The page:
Strategic Growth Tips for Environmental Consulting Firms
Believe it or not, it’s November already, which means the end of the year is coming up fast. It’s time to start thinking about how your firm is going to jump start the first quarter of the new year—and set growth targets and outline strategies for achieving them. I spend a lot of my time talking to environmental due diligence consultants across the country about their top challenges. A common refrain I hear at those meetings is that it’s extremely difficult to grow in a mature services sector that is uber-competitive with the next economic downturn on the horizon. There are hundreds of popular business management books preaching that a company’s key to success rests in your ability to examine how the external market is changing, where your strongest capabilities lie, and where they align with opportunities for growth. But that’s easier said than done given the frenetic pace of a typical work day.
On Wednesday, I had the pleasure of hosting a webinar, titled Accelerating Strategic Growth in the Environmental Industry, with leading strategic consultant, Al Spiers, Founder and CEO of San Francisco-based 2020 Environmental Group. He had some words of reassurance for all of us—along with solid tips for developing an effective strategic growth plan. Here’s what he had to say.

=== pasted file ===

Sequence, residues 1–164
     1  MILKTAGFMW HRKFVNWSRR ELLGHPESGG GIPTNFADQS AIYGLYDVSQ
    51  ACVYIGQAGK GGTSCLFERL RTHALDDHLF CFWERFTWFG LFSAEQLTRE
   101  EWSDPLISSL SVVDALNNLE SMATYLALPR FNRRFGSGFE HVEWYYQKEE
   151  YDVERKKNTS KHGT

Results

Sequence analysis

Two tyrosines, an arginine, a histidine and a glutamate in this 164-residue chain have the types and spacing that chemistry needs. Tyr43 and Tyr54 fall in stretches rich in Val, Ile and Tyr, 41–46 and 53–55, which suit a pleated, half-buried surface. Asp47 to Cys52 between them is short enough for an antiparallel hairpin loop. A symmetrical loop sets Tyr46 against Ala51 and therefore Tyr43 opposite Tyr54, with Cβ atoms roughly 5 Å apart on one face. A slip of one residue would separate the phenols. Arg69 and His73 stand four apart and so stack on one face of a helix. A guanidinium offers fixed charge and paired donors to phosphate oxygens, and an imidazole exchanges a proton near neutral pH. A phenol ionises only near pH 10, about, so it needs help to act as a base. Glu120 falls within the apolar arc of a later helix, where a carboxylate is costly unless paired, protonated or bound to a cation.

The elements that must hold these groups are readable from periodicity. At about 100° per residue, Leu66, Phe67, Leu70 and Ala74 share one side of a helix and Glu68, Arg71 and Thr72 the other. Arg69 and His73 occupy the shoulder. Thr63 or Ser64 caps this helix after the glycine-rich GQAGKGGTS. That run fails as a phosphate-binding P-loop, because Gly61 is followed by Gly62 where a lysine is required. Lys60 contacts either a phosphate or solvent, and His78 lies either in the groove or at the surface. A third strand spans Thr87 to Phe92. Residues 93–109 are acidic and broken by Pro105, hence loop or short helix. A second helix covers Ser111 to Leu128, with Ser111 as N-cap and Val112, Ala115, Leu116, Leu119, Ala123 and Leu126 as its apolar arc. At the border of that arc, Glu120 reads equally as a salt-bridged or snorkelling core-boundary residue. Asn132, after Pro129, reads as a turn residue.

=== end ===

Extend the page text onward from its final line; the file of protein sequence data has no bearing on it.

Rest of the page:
1. How Big Is Our Industry? Remediation Tops the List
The U.S. environmental market is currently around $30 billion, with the top three sectors as follows:
- $6 billion soil and groundwater remediation
- $5.3 billion waste management
- $4.8 billion water resource management
“It is also a maturing market, a very competitive one, as well as one in which we are seeing significant consolidation by mature buyers today.”
2. What’s Growing? Real Estate, Land Development Leads the Pack
“Four years ago, energy/oil and gas was big and people couldn’t spend enough money to get into fracking. Times have changed. We’ve seen a fairly significant decline in oil/gas as a market driver. Today, real estate and land development is at the top, along with municipal infrastructure/transportation and water rounding out the top three. Oil/gas was in the tank until very recently but don’t rule it out. It is slowing recovering so you could start seeing your work pick up in that area.”